Index to Chiropractic Literature
Index to Chiropractic Literature
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ID 20504
Title A demographic and epidemiological study of a Mexican chiropractic college public clinic
URL http://www.pubmedcentral.nih.gov/articlerender.fcgi?artid=2667450&tool=pmcentrez
Journal Chiropr & Osteopat. 2009 ;17(1):Online access only
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Subject(s)
Peer Review Yes
Publication Type Article
Abstract/Notes BACKGROUND: Descriptive studies of chiropractic patients are not new, several have been performed in the U.S., Australia, Canada, and Europe. None have been performed in a Latin American country. The purpose of this study is to describe the patients who visited a Mexican chiropractic college public clinic with respect to demographics and clinical characteristics.

METHODS: This study was reviewed and approved by the IRB of Parker College of Chiropractic and the Universidad Estatal del Valle de Ecatepec (UNEVE). Five hundred patient files from the UNEVE public clinic from May 2005 to May 2007 were selected from an approximate total number of 3,700. Information was collected for demographics, chief complaints, associated complaints, and previous care sought.

RESULTS: The sample comprised 306 (61.2%) female. Most files (44.2%) were in the age range of 40- 59 years (mean of 43.4 years). The most frequent complaints were lumbar pain (29.2%) and extremity pain (28.0%), most commonly the knee. Most (62.0%) described their complaints as greater than one year. Trauma (46.6%) was indicated as the initial cause. Mean VAS score was 6.26/10 with 20% rated at 8/10.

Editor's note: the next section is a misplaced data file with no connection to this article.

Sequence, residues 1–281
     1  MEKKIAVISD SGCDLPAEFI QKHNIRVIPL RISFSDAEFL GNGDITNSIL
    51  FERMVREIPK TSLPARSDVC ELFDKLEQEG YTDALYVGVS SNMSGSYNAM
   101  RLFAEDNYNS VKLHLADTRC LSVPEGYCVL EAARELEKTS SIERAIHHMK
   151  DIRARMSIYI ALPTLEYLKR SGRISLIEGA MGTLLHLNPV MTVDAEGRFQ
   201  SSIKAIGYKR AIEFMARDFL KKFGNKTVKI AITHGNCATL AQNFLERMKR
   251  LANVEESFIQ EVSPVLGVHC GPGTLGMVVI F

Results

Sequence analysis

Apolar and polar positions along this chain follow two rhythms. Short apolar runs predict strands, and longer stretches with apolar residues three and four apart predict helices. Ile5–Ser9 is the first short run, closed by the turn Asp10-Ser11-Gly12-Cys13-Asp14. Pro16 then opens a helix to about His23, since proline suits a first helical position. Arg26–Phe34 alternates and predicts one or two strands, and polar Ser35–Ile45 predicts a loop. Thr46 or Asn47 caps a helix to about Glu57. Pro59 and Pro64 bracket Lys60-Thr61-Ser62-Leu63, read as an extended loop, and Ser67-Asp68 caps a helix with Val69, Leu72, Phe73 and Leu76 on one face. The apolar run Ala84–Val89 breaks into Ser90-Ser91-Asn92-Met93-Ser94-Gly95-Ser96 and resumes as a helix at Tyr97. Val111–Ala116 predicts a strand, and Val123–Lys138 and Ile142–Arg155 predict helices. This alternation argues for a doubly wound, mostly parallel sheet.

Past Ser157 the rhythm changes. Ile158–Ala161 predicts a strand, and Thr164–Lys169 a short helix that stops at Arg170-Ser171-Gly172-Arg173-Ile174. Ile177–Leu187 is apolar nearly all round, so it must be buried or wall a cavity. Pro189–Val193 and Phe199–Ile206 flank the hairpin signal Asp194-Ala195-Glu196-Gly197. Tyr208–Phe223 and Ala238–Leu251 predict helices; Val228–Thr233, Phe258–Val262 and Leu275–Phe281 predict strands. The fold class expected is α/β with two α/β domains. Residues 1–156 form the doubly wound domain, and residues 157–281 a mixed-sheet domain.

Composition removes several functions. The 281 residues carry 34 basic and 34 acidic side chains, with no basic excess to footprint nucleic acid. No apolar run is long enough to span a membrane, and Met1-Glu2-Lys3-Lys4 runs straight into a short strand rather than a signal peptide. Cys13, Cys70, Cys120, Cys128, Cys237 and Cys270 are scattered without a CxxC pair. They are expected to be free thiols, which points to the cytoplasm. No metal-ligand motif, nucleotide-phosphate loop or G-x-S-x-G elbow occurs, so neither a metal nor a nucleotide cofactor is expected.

CONCLUSIONS: Demographic results compared closer to studies conducted with private clinicians (females within the ages of 40-59). The primary complaint and duration was similar to previous studies (low back pain and chronic), except in this population the cause was usually initiated by trauma. The most striking features were the higher number of extremity complaints and the marked increased level of VAS score (20% rated as 8/10).

Click on the above link for free full text. This abstract is reproduced with the permission of the publisher. PubMed Record


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